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Does checking my credit score on Credit Karma count against me as an inquiry each time I update?

Jun 08, 2010
Helpful to 128 out of 132 people

This is a very common question and creates confusion for a lot of people. There are two types of inquires used by the credit bureaus which are often misunderstood.

Hard Inquiry:

Hard inquiries are created when a consumer applies for credit (auto loans, credit cards, mortgages, student loans, etc). Hard inquires will lower your credit score because lenders will view them as a sign of someone in need of credit and therefore a greater risk. Multiple hard inquires over a short period of time can be bad for one's credit score. However, hard inquires are not inherently bad. Consumers should be aware of them and limit the number of hard inquires by only applying for appropriate and useful loan products.

Soft Inquiry:

Soft inquires are the other type of inquires used by the credit bureaus. Soft inquires are used when the consumer requests the credit score on their own behalf. Credit Karma uses soft inquires whenever a user checks their credit score. Since these credit scores are not used in the application for credit, there is NO negative impact on the users credit score from checking their credit score on Credit Karma.

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Does checking my credit score on Credit Karma count against me as an inquiry each time I update?

Jun 08, 2010
Helpful to 128 out of 132 people

This is a very common question and creates confusion for a lot of people. There are two types of inquires used by the credit bureaus which are often misunderstood.

Hard Inquiry:

Hard inquiries are created when a consumer applies for credit (auto loans, credit cards, mortgages, student loans, etc). Hard inquires will lower your credit score because lenders will view them as a sign of someone in need of credit and therefore a greater risk. Multiple hard inquires over a short period of time can be bad for one's credit score. However, hard inquires are not inherently bad. Consumers should be aware of them and limit the number of hard inquires by only applying for appropriate and useful loan products.

Soft Inquiry:

Soft inquires are the other type of inquires used by the credit bureaus. Soft inquires are used when the consumer requests the credit score on their own behalf. Credit Karma uses soft inquires whenever a user checks their credit score. Since these credit scores are not used in the application for credit, there is NO negative impact on the users credit score from checking their credit score on Credit Karma.

How hard is it going to be to get an auto loan after getting repossessed?

Jun 08, 2010
Helpful to 18 out of 19 people

Repossession will remain on your credit report for 7 years and will influence how lenders assess your propensity to pay a loan. While getting approved for an auto loan after repossession is possible, you may have to wait a period of time and will probably be offered a high interest rate

You can wait one to two years before trying to finance a new car since lenders will likely charge you an enormous interest rate on an auto loan immediately after repossession. If you can take this time to improve your credit score, you will receive better financing options from lenders in the future. Take steps now to rebuild your credit, such as building good credit through a secured credit card, making regular on-time payments on all your accounts, and paying off any debts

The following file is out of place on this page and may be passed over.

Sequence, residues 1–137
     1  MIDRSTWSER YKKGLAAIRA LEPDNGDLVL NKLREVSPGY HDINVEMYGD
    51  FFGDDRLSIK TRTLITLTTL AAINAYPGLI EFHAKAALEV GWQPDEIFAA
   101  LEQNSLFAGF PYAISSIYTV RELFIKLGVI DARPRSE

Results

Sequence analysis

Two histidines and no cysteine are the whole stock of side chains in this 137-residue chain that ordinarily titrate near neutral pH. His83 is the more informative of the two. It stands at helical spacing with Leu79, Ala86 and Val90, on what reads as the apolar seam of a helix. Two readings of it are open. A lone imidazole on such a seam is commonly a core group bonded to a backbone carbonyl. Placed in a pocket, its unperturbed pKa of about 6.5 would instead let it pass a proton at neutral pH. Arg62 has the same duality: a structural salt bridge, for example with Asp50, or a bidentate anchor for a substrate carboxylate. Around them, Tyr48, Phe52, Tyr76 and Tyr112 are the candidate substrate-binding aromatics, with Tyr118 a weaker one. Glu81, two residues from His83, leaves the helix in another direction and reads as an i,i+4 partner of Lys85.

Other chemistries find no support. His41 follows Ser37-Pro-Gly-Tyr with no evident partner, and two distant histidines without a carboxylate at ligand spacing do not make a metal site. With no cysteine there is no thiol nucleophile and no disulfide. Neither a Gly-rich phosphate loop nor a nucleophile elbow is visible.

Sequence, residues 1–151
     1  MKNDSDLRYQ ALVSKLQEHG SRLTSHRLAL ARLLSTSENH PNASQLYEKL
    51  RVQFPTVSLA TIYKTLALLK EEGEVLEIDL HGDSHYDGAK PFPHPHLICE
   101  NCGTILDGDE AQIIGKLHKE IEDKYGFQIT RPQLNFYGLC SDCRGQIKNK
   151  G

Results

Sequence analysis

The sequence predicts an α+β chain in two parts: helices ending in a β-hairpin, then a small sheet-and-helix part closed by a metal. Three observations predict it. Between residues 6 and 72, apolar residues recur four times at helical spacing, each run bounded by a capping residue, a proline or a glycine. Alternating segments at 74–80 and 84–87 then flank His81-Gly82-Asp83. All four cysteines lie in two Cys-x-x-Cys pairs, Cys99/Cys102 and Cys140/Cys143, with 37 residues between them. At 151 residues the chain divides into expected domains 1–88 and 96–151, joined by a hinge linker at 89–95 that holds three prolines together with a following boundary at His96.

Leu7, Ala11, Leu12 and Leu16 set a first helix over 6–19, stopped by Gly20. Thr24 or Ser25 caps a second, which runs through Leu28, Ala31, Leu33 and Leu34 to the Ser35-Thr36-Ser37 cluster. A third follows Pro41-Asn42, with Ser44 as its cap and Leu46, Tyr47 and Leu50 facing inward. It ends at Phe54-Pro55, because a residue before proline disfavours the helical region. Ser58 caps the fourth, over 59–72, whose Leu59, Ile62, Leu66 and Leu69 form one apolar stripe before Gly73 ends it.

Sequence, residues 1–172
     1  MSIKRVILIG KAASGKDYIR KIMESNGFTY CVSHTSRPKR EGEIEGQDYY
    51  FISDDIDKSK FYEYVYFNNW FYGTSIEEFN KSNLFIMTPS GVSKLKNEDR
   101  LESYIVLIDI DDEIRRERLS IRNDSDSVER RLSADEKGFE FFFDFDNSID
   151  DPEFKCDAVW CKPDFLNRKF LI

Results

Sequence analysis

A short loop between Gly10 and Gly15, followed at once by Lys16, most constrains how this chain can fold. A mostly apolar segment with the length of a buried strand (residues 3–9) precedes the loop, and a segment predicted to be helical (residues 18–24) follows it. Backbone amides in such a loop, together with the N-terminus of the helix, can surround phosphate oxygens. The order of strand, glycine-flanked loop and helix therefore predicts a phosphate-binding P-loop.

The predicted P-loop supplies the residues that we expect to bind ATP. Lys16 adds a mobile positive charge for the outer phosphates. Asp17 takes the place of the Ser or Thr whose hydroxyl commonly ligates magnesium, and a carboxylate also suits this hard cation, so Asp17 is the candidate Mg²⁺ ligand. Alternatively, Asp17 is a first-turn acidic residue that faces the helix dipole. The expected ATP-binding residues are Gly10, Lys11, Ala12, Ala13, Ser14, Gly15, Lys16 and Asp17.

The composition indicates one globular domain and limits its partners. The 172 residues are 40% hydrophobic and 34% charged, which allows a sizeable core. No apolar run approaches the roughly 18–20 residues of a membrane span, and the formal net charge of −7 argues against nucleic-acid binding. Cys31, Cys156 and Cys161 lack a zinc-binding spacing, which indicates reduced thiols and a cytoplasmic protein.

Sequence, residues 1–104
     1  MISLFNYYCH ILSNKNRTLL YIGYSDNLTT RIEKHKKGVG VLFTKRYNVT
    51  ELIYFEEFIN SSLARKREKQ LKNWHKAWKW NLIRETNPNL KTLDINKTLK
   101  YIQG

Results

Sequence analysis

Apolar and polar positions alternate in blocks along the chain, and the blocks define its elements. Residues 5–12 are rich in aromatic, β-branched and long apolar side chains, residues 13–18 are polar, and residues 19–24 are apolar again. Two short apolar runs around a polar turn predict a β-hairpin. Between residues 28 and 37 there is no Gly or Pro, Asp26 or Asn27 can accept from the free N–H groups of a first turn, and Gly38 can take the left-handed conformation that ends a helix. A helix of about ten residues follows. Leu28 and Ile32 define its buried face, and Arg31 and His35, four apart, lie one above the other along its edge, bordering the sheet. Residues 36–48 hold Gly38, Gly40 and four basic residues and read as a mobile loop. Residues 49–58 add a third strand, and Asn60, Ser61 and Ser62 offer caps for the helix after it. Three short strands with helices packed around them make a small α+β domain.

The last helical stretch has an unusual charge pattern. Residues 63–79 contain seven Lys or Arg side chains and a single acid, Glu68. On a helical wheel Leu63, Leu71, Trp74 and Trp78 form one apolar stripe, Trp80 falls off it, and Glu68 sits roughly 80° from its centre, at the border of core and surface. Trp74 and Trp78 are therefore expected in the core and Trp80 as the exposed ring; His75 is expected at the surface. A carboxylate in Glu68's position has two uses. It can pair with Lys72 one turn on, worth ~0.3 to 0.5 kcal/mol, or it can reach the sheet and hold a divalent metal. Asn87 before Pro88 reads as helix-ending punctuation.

Or you can try to obtain a loan sooner after repossession by applying with a high risk lender or subprime lender, which caters particularly to consumers with poor credit. While you can get an auto loan sooner this way, the tradeoff is that these lenders often carry a much higher rate than an average auto loan. Be sure to compare lenders to find the lowest rate, and in a couple months when your credit score improves, you can try to refinance your loan for a lower rate.

Check out rates at: http://www.creditkarma.com/trends/autonew

Will closing a long standing checking account hurt my credit score?

Jun 08, 2010
Helpful to 18 out of 20 people

Bank accounts normally go through the ChexSystems and not via the credit bureaus. The only way the closure could affect your credit score is if you have overdraft protection or a line of credit associated with your bank account. If you do, then this would be treated like the closing of an old credit account and most likely reduce your credit score.

As background, the ChexSystems was created by US banks and credit unions to aid themselves in identifying account applicants who have a history abusing checking accounts. You can be reported to ChexSystems for the following reasons:

* The bank was unable to collect for an overdraft, ATM transaction, or automatic payment which they honored on insufficient funds

* Multiple overdrafts

* Savings account, debit card or ATM abuse

* Providing false information in opening account or Fraud

If you are reported to ChexSytems you can expect that infraction to remain on your file for 5 years. In many cases, banks may not allow you to open a checking account if you have one more reports in ChexSystems, so like poor credit don't fall into this trap.

Verification of identity

Nov 04, 2010
Helpful to 5 out of 5 people

He, being your husband, probably shows up on your credit report making that information show up there too.

If you're still locked out, contact support and they can help you get access.

I have a "thin" file. How will this affect me qualifying for a mortgage loan?

Jun 08, 2010
Helpful to 15 out of 18 people